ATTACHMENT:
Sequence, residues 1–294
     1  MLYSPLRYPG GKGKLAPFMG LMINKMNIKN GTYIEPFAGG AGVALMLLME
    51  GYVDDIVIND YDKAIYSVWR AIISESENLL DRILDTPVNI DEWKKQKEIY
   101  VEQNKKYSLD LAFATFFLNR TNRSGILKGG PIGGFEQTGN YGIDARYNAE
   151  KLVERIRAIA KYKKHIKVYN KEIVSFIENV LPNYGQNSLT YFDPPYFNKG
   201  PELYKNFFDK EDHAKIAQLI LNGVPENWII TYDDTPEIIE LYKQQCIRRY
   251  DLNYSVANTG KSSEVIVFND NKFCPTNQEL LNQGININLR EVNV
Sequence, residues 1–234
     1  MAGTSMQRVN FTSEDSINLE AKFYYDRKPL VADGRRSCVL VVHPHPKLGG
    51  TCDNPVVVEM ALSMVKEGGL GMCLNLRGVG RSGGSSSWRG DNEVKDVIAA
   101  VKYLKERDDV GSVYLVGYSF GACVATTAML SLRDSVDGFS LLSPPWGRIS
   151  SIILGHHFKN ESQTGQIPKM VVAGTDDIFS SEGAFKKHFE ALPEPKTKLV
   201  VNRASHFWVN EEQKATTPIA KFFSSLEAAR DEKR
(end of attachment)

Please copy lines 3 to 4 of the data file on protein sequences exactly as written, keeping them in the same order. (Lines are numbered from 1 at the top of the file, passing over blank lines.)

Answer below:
    51  GYVDDIVIND YDKAIYSVWR AIISESENLL DRILDTPVNI DEWKKQKEIY
   101  VEQNKKYSLD LAFATFFLNR TNRSGILKGG PIGGFEQTGN YGIDARYNAE